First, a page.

Timon of Athens is a tragedy by Shakespeare, probably co-written with Thomas Middleton, very early 17thCentury. It is about a fictional Athenian during Hellenistic Greece. The title character may have been influenced by, though not entirely based on, Greek philosopher Timon of Phlius.

Timon is a generous and gregarious fellow – generous to a fault. He has many friends and flatterers who receive benefit from his generosity. Timon’s faithful steward, Flavius, tries to warn him of his wastefulness, but Timon is too deluded by flatterers to listen.

Of course, there is a limit to Timon’s resources and his generosity leads to ruin. He rebuffs Flavius for not warning him, but is not overly worried. He is confident his many friends will assist HIM, now that HE is in need. He chides Flavius for doubting.
     And, in some sort, these wants of mine are crown’d
     That I account them blessings for by these
     Shall I try friends: you shall perceive how you
     Mistake my fortunes; I am wealthy in my friends

But of course, none are so faithful. 

Timon’s lands are sold, he renounces society (pictured) and flees to live in a cave and dine on roots. He discovers a hidden treasure of gold, which he uses to hire mercenaries to destroy Athens. I’ll spare the rest.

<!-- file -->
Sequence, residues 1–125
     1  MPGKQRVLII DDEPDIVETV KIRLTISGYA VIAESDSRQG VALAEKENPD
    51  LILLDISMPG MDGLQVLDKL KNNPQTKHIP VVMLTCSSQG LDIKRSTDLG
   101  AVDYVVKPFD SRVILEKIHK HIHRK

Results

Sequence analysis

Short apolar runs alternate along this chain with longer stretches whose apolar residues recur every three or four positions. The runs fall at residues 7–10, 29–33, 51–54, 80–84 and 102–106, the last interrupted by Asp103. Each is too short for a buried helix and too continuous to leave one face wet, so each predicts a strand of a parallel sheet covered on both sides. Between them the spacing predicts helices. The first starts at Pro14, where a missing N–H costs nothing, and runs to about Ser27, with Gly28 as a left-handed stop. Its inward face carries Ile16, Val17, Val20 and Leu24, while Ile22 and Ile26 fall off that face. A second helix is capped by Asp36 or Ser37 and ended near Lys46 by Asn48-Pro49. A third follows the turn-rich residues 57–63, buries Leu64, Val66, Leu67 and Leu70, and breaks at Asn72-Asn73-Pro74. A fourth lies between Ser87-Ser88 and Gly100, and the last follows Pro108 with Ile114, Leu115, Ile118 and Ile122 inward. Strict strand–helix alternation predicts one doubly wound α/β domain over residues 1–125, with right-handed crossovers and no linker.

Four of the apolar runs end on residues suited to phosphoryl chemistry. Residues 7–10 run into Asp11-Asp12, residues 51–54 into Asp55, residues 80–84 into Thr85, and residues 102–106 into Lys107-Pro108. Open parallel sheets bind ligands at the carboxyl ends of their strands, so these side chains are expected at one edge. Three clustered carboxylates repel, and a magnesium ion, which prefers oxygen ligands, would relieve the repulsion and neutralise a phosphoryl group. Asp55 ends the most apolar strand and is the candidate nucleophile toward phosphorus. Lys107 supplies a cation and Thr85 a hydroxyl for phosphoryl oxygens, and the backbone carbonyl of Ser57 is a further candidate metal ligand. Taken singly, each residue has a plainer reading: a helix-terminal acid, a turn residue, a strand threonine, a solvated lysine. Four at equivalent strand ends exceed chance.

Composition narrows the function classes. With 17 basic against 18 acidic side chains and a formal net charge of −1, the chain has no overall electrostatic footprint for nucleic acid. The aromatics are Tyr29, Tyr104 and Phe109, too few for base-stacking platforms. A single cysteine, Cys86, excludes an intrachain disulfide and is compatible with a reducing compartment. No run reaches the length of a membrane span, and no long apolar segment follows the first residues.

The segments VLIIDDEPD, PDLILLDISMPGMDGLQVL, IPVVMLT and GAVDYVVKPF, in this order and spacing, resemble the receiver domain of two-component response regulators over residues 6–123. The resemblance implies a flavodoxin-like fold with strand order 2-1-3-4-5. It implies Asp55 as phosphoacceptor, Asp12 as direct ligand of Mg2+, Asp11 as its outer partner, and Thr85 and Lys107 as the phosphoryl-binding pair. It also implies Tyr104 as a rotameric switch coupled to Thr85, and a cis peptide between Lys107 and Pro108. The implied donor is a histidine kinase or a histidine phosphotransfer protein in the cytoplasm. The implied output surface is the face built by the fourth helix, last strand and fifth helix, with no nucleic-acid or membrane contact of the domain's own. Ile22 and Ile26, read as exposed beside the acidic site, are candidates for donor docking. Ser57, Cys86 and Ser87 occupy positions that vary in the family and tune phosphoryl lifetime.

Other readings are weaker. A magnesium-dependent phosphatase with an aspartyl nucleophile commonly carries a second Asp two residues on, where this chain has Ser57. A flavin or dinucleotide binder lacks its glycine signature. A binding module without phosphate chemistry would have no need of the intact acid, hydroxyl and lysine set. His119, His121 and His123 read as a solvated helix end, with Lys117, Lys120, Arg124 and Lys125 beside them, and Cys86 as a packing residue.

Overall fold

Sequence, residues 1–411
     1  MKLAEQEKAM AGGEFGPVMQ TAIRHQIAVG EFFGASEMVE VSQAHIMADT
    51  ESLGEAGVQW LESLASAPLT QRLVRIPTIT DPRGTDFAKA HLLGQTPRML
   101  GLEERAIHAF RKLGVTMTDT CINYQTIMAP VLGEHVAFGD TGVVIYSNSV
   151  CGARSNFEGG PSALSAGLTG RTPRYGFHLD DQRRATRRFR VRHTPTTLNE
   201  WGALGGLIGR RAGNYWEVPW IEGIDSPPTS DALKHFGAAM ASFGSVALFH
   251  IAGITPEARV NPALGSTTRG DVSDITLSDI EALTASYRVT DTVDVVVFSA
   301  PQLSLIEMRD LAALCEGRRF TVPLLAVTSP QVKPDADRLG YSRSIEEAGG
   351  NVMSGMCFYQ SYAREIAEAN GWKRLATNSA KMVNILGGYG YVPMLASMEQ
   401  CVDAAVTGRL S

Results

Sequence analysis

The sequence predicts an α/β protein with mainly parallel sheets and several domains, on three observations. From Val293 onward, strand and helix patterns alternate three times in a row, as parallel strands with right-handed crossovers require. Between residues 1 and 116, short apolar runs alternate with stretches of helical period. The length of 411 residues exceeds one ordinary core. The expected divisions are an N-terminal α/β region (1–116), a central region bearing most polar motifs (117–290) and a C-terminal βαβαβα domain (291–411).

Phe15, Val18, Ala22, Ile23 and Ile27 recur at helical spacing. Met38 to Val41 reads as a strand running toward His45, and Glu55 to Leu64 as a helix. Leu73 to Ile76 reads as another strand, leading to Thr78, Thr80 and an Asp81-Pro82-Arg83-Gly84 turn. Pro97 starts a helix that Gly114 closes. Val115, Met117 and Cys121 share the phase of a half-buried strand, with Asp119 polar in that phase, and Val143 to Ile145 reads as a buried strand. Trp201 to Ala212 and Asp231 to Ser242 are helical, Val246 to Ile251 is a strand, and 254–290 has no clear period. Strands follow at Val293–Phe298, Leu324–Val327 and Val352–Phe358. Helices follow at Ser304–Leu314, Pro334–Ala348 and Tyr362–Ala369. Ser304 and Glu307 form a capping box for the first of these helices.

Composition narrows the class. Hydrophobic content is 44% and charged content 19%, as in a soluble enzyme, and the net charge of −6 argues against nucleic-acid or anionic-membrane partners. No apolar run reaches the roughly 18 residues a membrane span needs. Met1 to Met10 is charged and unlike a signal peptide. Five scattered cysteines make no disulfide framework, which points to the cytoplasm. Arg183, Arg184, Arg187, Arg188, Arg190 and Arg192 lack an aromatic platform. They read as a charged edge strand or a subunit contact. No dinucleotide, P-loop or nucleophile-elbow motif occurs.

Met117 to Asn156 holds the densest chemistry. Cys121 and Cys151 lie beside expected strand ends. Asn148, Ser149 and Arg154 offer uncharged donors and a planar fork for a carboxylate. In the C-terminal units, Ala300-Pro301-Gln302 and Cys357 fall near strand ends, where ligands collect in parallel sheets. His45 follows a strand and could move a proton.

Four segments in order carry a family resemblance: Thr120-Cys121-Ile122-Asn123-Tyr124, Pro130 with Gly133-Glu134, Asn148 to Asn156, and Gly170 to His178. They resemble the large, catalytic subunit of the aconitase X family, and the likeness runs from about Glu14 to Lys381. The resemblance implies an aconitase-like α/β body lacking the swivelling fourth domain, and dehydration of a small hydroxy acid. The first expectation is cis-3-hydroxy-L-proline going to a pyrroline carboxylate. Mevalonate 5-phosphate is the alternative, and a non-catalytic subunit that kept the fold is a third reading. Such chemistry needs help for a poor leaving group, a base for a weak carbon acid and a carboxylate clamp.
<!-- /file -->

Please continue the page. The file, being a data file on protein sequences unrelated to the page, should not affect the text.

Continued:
This is rightly called a tragedy, not because Timon is ruined financially, but because his soul is ruined. He becomes a complete and hopeless misanthrope. He offers this prayer…
     And grant, as Timon grows, his hate may grow
     To the whole race of mankind, high and low!

Throughout the play all the characters, but especially Timon’s false friends, are ridiculed by cynical Apemantus, who sees through their duplicity. And although Apemantus is somewhat sympathetic to Timon’s disillusionment and need, Timon offers even him contempt, which is then returned in a sad, and yet amusing exchange of insults
     T: I had rather be a beggar’s dog than Apemantus
     A: Thou art the cap of all the fools alive
     T: Would thou wert clean enough to spit on
     A: A plague on thee, thou art too bad to curse
     T: All villains that do stand by thee are pure
     A: There is no leprosy but what thou speak’st
     T: If I name thee – I’ll beat thee, but I should infect my hands
     A: I would my tongue could rot them off
     T: Away, thou issue of a mangy dog!
          Choler does kill me that thou art alive;
          I swoon to see thee
     A: Would thou wouldst burst
     T: Away, thou tedious rogue! I am sorry I shall lose a stone
          [throws a stone at Apemantus]
     A: Beast!
     T: Slave!
     A: Toad!
     T: Rogue, rogue, rogue!